…probably flies in the face of conventional wisdom. It also probably defies traditional investing philosophy of mapping out macro factors (e.g. economic indicators, political stability, currency, interest rates, etc.) on which thrived the EM gurus of yester-years making country bets or further still, EMD hard vs. local currency calls, now anyone’s guess. With globalization upended and localization gaining ground, it is imperative to focus on the trees in the EM forest, as also echoed by us earlier in our March 2019 post “Private Assets: EM Local for A Better Portfolio Karma”. Our suggestion (probably radical for some traditional minds) is born of the need to generate tangible returns in a risk-controlled manner in a new investing era beset with challenges to produce meaningful returns bar artificial life support (aka QE) from global central banks. Harvesting each tree individually could be more fruitful rather than blindly chasing EM forests in the hope of participating in economic growth or diversification, yet again old fangled ideas. As for participating in economic growth, empirical evidence is to the contrary as attested by many examples from Brazil to China where country bets would have paid off in hindsight despite a lackluster economic picture and vice-versa. In the perverse climate that prevails, equity and bond markets in fact rejoice dimming economic prospects on the gleaming hope of monetary easing in EM (encouraged by the Fed and now probably even by the Christine Lagarde-led ECB). A “lower-for-ever” yield engenders risk-taking by throwing caution to the wind as one may observe in leveraged loans and DM direct lending not far from investment grade credit where ~45% is teetering on junk status.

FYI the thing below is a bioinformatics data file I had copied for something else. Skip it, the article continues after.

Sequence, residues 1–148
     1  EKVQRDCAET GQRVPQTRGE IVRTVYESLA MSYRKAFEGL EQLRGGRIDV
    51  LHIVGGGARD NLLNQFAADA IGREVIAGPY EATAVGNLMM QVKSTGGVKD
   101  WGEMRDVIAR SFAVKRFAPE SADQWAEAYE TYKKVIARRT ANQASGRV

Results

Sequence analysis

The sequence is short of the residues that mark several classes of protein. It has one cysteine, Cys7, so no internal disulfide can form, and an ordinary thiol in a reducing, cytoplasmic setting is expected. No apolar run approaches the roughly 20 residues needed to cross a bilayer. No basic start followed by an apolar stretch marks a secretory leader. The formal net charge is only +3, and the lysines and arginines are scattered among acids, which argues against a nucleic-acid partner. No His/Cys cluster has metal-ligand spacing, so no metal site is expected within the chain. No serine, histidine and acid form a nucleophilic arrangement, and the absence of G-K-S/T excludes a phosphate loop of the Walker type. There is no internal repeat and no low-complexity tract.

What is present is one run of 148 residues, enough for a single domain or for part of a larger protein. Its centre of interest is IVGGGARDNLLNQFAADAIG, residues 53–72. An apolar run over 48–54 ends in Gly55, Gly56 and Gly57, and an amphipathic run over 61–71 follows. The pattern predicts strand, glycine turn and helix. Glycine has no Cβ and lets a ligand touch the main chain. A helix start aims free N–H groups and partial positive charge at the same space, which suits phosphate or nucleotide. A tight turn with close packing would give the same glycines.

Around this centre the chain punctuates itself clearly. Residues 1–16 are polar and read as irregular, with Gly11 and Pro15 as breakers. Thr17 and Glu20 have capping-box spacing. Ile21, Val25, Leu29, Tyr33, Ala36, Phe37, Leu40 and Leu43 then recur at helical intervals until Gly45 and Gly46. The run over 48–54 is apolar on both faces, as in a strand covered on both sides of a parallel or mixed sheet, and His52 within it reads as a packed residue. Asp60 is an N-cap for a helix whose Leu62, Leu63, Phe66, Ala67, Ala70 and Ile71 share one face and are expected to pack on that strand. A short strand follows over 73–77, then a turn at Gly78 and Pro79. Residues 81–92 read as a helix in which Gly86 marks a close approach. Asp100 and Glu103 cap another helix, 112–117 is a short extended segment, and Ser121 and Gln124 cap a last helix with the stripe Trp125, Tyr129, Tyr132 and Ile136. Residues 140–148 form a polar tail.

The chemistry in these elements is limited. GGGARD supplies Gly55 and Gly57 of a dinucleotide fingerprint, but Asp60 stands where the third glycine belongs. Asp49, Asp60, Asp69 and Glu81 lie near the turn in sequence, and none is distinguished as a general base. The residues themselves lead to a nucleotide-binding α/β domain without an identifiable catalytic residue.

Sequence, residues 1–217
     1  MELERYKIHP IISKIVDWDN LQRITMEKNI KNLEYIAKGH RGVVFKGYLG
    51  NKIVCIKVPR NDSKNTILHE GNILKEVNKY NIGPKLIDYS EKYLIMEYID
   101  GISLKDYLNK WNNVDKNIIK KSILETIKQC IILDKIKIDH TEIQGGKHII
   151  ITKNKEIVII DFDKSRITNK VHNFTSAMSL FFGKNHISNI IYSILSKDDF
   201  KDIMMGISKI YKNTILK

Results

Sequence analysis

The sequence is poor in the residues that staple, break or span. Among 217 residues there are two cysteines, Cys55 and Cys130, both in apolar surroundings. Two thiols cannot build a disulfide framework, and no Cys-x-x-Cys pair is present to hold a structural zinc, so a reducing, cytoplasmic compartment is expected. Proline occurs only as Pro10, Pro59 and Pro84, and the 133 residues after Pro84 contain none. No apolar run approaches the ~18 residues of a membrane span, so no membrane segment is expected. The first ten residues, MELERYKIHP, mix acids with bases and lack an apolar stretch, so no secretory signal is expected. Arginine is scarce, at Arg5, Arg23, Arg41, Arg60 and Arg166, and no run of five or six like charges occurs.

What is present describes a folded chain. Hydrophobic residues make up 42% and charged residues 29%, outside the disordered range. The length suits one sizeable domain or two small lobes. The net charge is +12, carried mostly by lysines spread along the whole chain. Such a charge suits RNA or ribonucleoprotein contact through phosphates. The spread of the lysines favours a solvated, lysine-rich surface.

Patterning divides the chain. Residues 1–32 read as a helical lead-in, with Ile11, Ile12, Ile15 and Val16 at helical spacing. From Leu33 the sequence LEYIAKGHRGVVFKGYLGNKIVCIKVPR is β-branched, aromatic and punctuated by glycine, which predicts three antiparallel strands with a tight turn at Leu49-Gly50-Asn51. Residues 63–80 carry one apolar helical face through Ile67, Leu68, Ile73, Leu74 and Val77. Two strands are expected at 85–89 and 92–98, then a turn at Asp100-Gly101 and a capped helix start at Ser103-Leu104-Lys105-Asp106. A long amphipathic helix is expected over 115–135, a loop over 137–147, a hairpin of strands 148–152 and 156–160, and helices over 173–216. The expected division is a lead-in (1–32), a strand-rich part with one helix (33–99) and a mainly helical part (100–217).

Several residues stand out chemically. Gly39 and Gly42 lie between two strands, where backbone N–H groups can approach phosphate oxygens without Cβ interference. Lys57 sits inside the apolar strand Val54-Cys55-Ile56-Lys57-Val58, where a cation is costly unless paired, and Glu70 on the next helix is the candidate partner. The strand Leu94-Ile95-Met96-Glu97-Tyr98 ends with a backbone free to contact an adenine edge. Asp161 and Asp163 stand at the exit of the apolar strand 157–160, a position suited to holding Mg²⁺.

Should investors sole focus remain on the degree (25 bps vs. 50 bps vs. no cut at all) of monetary easing led by the Fed? Or worse still, should they take on unwarranted risk for little, if any, compensation? We would vehemently argue neither, if investors opened their minds to tending green shoots and harvesting trees that go largely unnoticed in the EM forest or avoided altogether on misplaced concerns of a forest fire (e.g. firing of Turkey’s Central bank governor or resignation by Mexico’s finance minister), little realizing that there is money to be made even when EM is ablaze.